Lake, the name of nine counties in the United States.
I. The N. W. County Of Tennessee, bounded N. by Kentucky, W. by the Mississippi river, which separates it from Missouri, and S. E. by Redfoot river; area, about 250 sq. m.; pop. in 1870, 2,428, of whom 393 were colored. The surface is level, and the soil fertile. The chief productions in 1870 were 414,570 bushels of Indian corn and 52 bales of cotton. There were 511 horses, 615 milch cows, 1,304 other cattle, 816 sheep, and 5,853 swine. Capital, Tiptonville.
II. A N. E. County Of Ohio, bordering on Lake Erie and drained by Grand and Chagrin rivers; area, 220 sq. m.; pop. in 1870, 15,935. The surface is undulating, and the soil a fertile clayey loam, with occasional ridges of sand. Iron ore is found. The Lake Shore and the Paines-ville and Youngstown railroads pass through it. The chief productions in 1870 were 84,164 bushels of wheat, 236,771 of rye, 202,948 of oats, 700,910 of potatoes, 99,058 lbs. of wool, 20,650 of hops, 409,550 of butter, and 22,009 tons of hay. There were 3,598 horses, 5,409 milch cows, 4,267 other cattle, 22,906 sheep, and 2,936 swine; 15 manufactories of carriages, 1 of drugs and chemicals, 1 of explosives and fireworks, 4 of iron castings, 3 of machinery, 3 of sash, doors, and blinds, 7 of tin, copper, and sheet-iron ware, 3 of tobacco and cigars, 2 of woollen goods, 3 planing mills, 13 saw mills, and 7 flour mills. Capital, Painesville.
III. A N. W. County Of Indiana, bordering on Lake Michigan and Illinois, bounded S. by the Kankakee river and drained by the Calumick and Deep; area, 468 sq. m.; pop. in 1870, 12,339. The surface is level and diversified by woodlands and prairies, with large marshes near the Kankakee; the soil is generally fertile. It is traversed by several railroads. The chief productions in 1870 were 63,398 bushels of wheat, 189.947 of Indian corn, 364,008 of oats, 73,516 of potatoes, 49,989 lbs. of wool, 557,820 of butter, 40,650 of cheese, and 40,994 tons of hay. There were 5,560 horses, 7,694 milch cows, 9,489 other cattle, 11,637 sheep, and 8,526 swine; 4 manufactories of carriages, 4 of brick, 1 of sash, doors, and blinds, 1 brewery, and 5 flour mills. Capital, Crown Point.
IV. A N. E. County Of Illinois, bordering on Lake Michigan and Wisconsin, and drained by Fox and Des Plaines rivers; area, 425 sq. m.; pop. in 1870, 21,014. The surface is chiefly an undulating prairie, diversified by tracts of timber and many small lakes. The soil is a rich, deep, black loam. The Chicago and Northwestern railroad passes through it. The chief productions in 1870 were 169,135 bushels of wheat, 517,353 of Indian corn, 699,069 of oats, 222,234 of potatoes, 318,042 lbs. of wool, 927,-533 of butter, 128,207 of cheese, and 76,337 tons of hay. There were 8,087 horses, 12,167 milch cows, 10,787 other cattle, 67,763 sheep, and 13,385 swine; 8 manufactories of carriages, 2 of brick, 3 of cheese, 1 of pumps, 1 brewery, 1 planing mill, 3 tanneries, 3 currying establishments, 1 flour mill, and 1 saw mill. Capital, Waukegan.
V. A W. County Of The Lower Peninsula Of Michigan, drained by the Notipeskago river and affluents of the Manistee; area, 576 sq. m.; pop. in 1870, 548. Capital, Chase.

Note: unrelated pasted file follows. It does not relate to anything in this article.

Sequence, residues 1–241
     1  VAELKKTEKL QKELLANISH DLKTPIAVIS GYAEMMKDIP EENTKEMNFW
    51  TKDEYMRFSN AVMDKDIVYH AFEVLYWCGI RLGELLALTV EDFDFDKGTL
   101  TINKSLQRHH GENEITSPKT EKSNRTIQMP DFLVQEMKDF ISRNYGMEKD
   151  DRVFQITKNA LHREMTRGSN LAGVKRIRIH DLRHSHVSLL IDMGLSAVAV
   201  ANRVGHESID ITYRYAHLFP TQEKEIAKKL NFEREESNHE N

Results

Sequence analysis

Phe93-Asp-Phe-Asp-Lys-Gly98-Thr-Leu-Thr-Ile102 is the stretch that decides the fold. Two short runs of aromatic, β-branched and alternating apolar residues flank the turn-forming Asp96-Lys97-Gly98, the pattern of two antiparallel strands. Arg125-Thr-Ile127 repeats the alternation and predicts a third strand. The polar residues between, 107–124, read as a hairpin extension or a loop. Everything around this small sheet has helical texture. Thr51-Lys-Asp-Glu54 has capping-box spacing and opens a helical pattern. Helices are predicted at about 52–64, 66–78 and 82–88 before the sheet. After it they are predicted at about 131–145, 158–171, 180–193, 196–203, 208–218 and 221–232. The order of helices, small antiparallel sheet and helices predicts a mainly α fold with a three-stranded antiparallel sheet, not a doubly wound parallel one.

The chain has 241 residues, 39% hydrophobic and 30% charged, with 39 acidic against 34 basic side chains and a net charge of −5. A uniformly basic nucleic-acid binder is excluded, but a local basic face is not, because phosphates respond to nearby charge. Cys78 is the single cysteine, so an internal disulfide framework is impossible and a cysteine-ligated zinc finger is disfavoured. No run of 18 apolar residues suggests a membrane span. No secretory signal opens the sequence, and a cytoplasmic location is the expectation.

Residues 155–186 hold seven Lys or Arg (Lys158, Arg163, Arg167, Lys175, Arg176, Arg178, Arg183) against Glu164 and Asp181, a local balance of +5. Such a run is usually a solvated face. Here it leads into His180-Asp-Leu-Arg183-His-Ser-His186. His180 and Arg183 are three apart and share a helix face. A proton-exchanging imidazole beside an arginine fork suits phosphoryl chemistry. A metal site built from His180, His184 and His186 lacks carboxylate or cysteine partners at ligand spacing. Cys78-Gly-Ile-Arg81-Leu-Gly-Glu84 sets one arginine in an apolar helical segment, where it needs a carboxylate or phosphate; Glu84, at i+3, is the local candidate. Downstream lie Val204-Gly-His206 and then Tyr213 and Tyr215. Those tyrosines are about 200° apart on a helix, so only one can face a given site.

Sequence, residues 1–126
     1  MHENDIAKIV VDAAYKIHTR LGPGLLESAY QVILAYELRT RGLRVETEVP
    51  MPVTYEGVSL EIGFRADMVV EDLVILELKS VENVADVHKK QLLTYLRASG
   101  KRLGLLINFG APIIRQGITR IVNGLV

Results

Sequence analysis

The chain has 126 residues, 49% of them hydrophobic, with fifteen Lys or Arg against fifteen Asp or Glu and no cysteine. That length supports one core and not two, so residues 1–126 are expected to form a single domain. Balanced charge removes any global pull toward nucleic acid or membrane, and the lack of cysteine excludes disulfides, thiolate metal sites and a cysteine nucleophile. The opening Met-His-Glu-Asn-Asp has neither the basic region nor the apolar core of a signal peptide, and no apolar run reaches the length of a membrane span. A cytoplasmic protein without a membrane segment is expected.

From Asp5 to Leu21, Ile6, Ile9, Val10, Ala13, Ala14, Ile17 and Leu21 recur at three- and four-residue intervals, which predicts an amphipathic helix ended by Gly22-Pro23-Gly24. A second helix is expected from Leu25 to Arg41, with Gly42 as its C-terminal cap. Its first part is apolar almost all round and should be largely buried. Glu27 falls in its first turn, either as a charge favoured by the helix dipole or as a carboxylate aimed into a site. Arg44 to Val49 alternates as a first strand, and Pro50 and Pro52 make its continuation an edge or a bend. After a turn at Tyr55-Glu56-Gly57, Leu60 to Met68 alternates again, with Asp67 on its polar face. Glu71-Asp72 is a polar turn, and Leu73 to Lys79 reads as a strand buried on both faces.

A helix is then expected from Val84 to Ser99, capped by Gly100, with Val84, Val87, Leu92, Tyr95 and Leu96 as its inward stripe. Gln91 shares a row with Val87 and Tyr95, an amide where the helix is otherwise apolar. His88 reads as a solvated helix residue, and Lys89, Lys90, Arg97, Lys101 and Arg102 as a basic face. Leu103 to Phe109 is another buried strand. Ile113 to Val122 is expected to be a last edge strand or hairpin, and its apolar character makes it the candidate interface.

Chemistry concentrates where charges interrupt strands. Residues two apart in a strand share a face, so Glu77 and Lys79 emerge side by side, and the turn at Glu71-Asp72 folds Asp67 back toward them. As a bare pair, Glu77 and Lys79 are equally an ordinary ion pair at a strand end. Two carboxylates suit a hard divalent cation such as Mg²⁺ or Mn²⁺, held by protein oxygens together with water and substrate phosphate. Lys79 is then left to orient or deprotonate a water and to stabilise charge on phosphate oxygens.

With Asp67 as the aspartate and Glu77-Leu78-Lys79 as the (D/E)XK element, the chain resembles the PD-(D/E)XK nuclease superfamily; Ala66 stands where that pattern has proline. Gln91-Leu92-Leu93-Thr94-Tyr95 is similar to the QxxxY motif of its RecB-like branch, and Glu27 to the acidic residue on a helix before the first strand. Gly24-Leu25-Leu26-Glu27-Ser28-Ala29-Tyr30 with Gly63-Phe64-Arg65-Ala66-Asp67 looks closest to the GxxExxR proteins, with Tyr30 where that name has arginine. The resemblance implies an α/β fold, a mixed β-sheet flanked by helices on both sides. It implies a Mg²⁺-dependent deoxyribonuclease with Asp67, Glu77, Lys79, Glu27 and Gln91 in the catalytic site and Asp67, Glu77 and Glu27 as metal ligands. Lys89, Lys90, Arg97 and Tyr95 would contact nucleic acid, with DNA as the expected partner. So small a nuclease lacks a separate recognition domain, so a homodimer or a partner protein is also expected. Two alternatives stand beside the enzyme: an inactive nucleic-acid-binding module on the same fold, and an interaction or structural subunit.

VI. A N. E. County Of Minnesota, bordering on British America and Lake Superior; area, 4,500 sq. m.; pop. in 1870, 135. A chain of lakes extends along the N. border, and the S. E. portion is watered by numerous streams that empty into Lake Superior. The surface is broken by rugged ranges of drift hills. Copper and iron are found. Capital, Beaver Bay.
VII. A N. W. County Of California, bounded E. by the Coast range; area, 972 sq. m.; pop. in 1870, 2,969, of whom 119 were Chinese. It contains Clear lake, which receives numerous streams, and empties through Cache creek into the Sacramento. The valleys of the lake and streams are productive, and the hills afford pasturage. Borax lake, covering 300 acres, near Clear lake, yields that commodity abundantly. In the S. E. part are valuable quicksilver mines. Sulphur is found on the E. side of Clear lake, and copper and other minerals in various localities. The chief productions in 1870 were 87,01(5 bushels of wheat, 11,615 of Indian corn, 3,894 of oats, 67,946 of barley, 5,154 of potatoes, 58,046 lbs. of wool, 84,268 of butter, 63,340 of cheese, and 5,296 tons of hay. There were 1,984 horses, 1,827 milch cows, 2,408 other cattle, 16,307 sheep, and 11,547 swine; 4 saw mills, and 1 establishment for smelting quicksilver. Capital, Lakeport.
VIII. A W. County Of Colorado, bounded E. by the Rocky mountains, and W. by Utah; area, about 12,500 sq. m.; pop. in 1870, 522. It is watered by the Gunnison and other tributaries of Grand river. The Arkansas rises in this county, and flows S. E. near the E. border. Along this river and near the head waters of the Gunnison gold mining is carried on to some extent. The surface is broken by a continuous series of spurs and ranges, extending from the Rocky mountains to the N. and W. borders, but there are numerous fertile valleys and small parks, and much of the county is adapted to grazing. Timber is abundant. In 1870 there were 13 placer and 2 quartz gold mines. The chief productions were 2,173 bushels of wheat, 5,338 of oats, 6,530 of potatoes, and 111 tons of hay. The value of live stock was $47,673. There were 1 flour mill and 3 saw mills. In 1874 the S. portion was set off to form Hinsdale and La Platte cos. Capital, Dayton.